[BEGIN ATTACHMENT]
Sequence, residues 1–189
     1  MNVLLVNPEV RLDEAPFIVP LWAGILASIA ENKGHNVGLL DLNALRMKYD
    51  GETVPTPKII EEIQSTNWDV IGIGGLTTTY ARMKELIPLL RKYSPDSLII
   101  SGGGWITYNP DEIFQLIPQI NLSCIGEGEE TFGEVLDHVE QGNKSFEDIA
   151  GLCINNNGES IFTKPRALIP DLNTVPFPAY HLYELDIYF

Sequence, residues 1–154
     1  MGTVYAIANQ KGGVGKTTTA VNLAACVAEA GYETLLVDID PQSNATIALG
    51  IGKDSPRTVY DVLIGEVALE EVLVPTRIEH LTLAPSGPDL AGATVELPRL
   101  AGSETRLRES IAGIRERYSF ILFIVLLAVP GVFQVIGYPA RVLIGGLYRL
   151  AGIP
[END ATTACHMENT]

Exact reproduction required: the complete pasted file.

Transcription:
Sequence, residues 1–189
     1  MNVLLVNPEV RLDEAPFIVP LWAGILASIA ENKGHNVGLL DLNALRMKYD
    51  GETVPTPKII EEIQSTNWDV IGIGGLTTTY ARMKELIPLL RKYSPDSLII
   101  SGGGWITYNP DEIFQLIPQI NLSCIGEGEE TFGEVLDHVE QGNKSFEDIA
   151  GLCINNNGES IFTKPRALIP DLNTVPFPAY HLYELDIYF

Sequence, residues 1–154
     1  MGTVYAIANQ KGGVGKTTTA VNLAACVAEA GYETLLVDID PQSNATIALG
    51  IGKDSPRTVY DVLIGEVALE EVLVPTRIEH LTLAPSGPDL AGATVELPRL
   101  AGSETRLRES IAGIRERYSF ILFIVLLAVP GVFQVIGYPA RVLIGGLYRL
   151  AGIP